KHL president Medvedev says Radulov has one more year on contract in Russia

Alexander Medvedev says a major hurdle stands in the way of Alex Radulov’s rumoured return to the Nashville Predators—the year remaining on his contract in Russia.

The KHL president acknowledges having heard speculation that the talented forward is pondering a jump back to the NHL once his season with Salavat Yulaev wraps up, but he doesn’t believe it will happen.

“He’s under contract for another year,” Medvedev told The Canadian Press on Friday. “I’m not aware about the clause that he could leave next year.”

The irony of that statement won’t be lost on fans of the Predators. Radulov was fresh off a 26-goal, 58-point sophomore season in 2008 when he decided to bolt for Russia even though he had one year left on his entry-level contract in Nashville.

The NHL balked at the move, as did the Predators, but it made little difference. Radulov was gone.

It was a story that generated headlines on both sides of the ocean because the new Russian league had just been formed. Since then, similar cases have been few and far between—a result of “much better” relations between the NHL and KHL, according to Medvedev.

“Our arrangements for respecting each other’s contracts work both ways,” he said. “Though we’ve had some questionable issues, they didn’t go to conflict and it was settled in the court with agreements in place. (It) allows some boys to change leagues but without conflict.”

The Predators have left the door open for Radulov’s return. Under NHL rules, the 25-year-old would be forced to honour the final year of his entry-level contract—at a modest US$980,000—in Nashville if he decided to return to North America.

However, it’s not something general manager David Poile is counting on.

“It would totally be a bonus if he came back to play,” Poile told earlier this week. “With Rad, there’s always a possibility.”

Some KHL teams have made side agreements with players that allows them out of contracts early—an option rumoured to be open to Radulov. For example, Metallurg let defenceman Dmitri Orlov join the Washington Capitals last year.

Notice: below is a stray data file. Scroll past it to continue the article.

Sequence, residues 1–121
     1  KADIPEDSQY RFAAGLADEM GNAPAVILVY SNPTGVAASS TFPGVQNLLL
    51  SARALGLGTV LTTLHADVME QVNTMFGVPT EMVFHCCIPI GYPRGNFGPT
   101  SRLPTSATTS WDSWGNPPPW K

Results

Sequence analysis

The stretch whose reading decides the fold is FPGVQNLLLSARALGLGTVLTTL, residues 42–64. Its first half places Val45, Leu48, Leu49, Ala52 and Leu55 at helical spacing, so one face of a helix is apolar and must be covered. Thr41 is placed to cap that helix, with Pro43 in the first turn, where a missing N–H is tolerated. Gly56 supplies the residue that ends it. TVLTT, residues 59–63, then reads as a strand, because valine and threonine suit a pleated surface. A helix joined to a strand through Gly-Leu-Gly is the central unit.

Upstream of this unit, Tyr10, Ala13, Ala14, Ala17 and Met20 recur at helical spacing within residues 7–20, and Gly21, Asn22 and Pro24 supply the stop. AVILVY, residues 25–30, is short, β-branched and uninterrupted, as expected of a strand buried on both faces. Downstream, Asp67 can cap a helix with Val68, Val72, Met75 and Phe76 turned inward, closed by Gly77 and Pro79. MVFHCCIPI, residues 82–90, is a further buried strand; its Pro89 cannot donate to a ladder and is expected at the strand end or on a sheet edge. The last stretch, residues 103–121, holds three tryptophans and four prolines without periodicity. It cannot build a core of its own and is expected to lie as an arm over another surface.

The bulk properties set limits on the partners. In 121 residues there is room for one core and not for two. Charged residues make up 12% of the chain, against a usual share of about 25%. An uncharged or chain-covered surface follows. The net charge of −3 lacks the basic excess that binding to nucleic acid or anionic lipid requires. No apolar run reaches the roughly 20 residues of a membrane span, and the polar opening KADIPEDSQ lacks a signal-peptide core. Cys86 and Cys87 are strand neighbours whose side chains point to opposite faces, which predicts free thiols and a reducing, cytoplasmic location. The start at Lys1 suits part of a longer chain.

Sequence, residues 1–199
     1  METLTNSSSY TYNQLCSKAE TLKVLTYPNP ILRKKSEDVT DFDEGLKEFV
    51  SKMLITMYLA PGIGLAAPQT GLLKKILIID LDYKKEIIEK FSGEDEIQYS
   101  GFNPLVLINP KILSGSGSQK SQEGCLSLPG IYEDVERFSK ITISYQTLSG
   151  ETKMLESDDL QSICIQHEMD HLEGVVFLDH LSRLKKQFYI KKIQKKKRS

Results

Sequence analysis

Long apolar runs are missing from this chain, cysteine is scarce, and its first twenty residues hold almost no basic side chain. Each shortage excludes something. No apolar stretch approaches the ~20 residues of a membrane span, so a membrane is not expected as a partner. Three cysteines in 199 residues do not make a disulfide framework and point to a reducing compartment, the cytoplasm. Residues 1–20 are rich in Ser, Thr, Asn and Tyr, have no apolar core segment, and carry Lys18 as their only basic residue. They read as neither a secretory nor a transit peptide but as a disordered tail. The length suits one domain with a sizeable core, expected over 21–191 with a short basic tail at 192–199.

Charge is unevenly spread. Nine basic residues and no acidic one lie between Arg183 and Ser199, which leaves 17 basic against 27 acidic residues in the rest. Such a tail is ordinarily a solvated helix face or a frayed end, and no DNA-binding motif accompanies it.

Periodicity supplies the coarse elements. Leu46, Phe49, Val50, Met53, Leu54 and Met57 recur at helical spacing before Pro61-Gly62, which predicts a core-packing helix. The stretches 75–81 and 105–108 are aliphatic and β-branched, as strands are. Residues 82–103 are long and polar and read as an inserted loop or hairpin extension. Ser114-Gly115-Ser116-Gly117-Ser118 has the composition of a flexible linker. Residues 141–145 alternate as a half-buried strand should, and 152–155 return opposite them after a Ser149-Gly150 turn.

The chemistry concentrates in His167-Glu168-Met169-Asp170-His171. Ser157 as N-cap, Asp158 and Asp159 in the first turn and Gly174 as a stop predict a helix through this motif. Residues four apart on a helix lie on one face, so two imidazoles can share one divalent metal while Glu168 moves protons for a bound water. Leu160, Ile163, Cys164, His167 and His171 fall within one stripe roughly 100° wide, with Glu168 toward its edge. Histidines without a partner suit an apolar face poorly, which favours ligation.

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Medvedev had lunch with NHL commissioner Gary Bettman in New York on Friday. The two men typically meet two or three times a year and have vowed to try and increase the frequency of their get-togethers, according to Medvedev.

“We had a very good meeting in a very positive, constructive atmosphere,” he said. “We exchanged opinions on all major issues, problems of mutual relations, our internal and their internal problems. It was good that way—not just speaking but we discussed possibility of co-operation.

“I’m rather sure the time will come when we’ll start to not just speak, but to do something together.”

The two could be become allies on a couple fronts in the coming years. Medvedev says the NHL has expressed an interest in holding a regular-season game in Russia and he’s shown similar interest in having a KHL match in North America.

They will also be part of important negotiations with the International Olympic Committee about the Sochi Games in 2014. Bettman has previously expressed an interest in having more control over the event in exchange for allowing NHL players to participate.

Even though an agreement has yet to been signed, Medvedev expects the NHLers to return to the Olympics when they come to his homeland in two years.

“I’m rather sure that it’s possible to find a solution,” he said. “When you’re optimistic, you (can) positively influence the development of events. So I’m optimistic.”

Radulov will be there—one way or another.

He is a two-time MVP in the KHL and led the league in scoring last season, leaving little doubt that he’s the best player currently outside of the NHL. Medvedev expects him to remain in Russia next season.

“There’s a lot of rumours about (Radulov leaving), but our preference is that he will stay in KHL because he is one of the heroes,” said Medvedev.